Unfortunately, you most likely cannot do anything about this. The good news is that you have not been hacked.
Despite my job as a professional IT guy, I knew a man, 25 years my junior, through chess tournaments, who was one of the world's most prolific spammers (before the CAN SPAM law) until AOL sued him out of business. I got the rare opportunity to see how a major spamming operation works, and frankly it was quite amazing. It also gave me great insight into how they operate, although I am sure it has evolved a lot since, although not for him.
He had a T-3 and 40 more 1Mb DSL lines all pumping out millions of SPAM messages daily (250,000/hr 24/7). One of the things spammers do is spoof headers, meaning they say that it is coming from anyone they like. I do a lot of e-mail server work, and part of what I often have to do is test e-mail using Telnet. I put in the e-mail commands line-by-line, and as part of that, I could send an e-mail as anyone in the world, even the President of the United States. There is no verification check.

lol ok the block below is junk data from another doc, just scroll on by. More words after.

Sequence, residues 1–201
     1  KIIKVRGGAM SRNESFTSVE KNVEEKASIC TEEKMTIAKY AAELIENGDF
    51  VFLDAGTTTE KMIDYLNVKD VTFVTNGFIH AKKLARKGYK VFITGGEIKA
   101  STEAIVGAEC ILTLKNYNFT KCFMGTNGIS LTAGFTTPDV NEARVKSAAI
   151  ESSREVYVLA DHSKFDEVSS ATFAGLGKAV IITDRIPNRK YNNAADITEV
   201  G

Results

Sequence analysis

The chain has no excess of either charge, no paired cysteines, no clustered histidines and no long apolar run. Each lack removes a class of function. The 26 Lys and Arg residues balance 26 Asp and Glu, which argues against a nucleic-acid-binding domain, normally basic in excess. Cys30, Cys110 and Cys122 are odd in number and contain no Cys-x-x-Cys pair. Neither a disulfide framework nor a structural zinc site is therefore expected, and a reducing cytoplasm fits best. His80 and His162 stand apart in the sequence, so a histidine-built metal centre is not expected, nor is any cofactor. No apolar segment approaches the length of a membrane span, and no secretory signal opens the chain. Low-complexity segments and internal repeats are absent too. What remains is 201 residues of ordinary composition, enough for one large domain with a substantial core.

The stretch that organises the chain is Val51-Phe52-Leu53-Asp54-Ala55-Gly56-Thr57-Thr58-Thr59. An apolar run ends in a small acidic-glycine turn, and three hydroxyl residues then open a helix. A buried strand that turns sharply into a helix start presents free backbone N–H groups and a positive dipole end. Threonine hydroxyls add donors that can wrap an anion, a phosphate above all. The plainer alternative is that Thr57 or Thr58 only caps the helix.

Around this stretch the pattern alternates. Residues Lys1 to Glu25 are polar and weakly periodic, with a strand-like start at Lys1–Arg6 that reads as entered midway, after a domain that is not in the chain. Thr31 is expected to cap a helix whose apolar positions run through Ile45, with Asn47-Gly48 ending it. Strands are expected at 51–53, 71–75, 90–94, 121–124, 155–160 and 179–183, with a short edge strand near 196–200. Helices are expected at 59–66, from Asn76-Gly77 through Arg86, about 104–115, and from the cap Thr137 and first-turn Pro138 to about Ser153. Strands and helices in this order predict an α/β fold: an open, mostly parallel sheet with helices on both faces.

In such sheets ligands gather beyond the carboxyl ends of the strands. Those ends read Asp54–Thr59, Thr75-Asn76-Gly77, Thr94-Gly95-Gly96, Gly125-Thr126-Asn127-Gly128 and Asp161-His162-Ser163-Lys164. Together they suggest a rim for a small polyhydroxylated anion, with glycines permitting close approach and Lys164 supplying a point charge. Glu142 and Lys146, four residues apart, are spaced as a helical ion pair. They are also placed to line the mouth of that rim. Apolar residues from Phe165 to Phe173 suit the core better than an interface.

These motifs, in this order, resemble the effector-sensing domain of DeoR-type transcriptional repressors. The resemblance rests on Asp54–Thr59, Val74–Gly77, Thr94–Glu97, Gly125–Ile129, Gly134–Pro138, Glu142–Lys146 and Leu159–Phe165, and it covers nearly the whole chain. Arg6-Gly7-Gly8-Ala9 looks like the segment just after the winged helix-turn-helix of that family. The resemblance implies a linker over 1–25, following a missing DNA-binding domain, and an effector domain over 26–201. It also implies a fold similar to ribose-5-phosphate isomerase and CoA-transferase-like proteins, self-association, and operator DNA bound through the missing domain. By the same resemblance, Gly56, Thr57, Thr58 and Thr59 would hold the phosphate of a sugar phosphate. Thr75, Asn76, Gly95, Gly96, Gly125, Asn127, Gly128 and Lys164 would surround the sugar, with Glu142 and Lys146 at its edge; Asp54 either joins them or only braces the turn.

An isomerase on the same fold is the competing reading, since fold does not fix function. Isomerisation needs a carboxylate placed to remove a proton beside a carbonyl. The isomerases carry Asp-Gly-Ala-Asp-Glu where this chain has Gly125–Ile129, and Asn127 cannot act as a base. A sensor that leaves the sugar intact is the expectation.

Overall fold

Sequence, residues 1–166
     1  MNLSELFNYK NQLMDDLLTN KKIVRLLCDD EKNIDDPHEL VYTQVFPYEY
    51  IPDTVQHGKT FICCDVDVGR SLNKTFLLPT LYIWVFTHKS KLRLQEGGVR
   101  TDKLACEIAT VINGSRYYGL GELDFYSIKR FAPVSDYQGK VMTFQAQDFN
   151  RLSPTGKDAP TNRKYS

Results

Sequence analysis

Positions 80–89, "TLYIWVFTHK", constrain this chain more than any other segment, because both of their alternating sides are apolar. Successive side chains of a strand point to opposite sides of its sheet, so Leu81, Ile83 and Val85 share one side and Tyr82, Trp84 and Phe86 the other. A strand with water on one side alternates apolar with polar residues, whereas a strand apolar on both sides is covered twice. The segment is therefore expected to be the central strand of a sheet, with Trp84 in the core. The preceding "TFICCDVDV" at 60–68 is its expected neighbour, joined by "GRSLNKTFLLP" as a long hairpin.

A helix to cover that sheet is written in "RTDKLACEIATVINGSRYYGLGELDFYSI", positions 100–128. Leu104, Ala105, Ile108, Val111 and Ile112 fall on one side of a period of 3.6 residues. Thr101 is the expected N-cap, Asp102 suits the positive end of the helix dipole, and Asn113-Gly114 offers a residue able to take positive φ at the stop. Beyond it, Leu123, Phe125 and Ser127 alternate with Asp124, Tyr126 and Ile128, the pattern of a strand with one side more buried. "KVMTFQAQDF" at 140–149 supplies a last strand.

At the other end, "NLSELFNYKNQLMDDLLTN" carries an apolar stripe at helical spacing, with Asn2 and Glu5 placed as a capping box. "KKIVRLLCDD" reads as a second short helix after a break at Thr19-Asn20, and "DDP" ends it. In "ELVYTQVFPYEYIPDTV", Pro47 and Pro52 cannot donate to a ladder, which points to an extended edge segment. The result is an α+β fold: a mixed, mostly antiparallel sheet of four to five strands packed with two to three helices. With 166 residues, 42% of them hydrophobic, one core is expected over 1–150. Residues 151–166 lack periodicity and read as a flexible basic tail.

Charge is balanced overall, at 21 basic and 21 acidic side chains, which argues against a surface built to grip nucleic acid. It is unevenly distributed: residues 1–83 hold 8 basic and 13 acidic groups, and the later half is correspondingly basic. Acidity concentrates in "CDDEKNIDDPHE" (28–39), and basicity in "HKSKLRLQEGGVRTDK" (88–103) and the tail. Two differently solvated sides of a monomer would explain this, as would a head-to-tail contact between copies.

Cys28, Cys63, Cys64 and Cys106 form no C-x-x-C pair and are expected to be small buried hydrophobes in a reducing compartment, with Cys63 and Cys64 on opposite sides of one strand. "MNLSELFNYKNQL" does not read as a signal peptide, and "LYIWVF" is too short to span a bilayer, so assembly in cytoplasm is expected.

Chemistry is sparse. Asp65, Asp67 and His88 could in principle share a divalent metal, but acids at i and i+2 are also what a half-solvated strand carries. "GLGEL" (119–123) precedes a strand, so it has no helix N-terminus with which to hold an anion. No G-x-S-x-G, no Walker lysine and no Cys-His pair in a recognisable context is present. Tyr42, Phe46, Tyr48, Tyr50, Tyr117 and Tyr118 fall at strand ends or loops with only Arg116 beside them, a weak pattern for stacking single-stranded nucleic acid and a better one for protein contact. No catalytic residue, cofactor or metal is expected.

We can tell that a header is spoofed by looking closely at the header information when the e-mail comes in, and what really counts is the underlying IP address it originated from. Of course, if you had their IP address, you could track them down in no time, so they also spoof that in a way: They relay mail through computers that are infected with viruses designed just to allow this relaying. These spammers find underground programs to scan for these open relays, or often they just pay the owner of a botnet.
So back to how and why you get the bounce messages: I know my acquaintance would just randomly pick roughly 40-50 unlucky e-mail addresses per spamming computer out of his list of millions, and put them in the "From" box of his spamming programs. So any time one of those e-mails gets sent to an undeliverable e-mail address, the bounce message goes right back to the unlucky e-mail address that was used in the forged header.
The only thing you could do is turn off or block all bounce messages, but this is something that is really done at the server level, a level most people do not have access to.
The good news is that they will probably randomly pick different e-mail addresses next time, so the problem will hopefully go away...for you.
For anyone trying to fight spammers, I do not think you can really fight them by trying to track them down using IP addresses, but one thing that struck me watching the operation I mentioned: Follow the money. That is how to really track someone.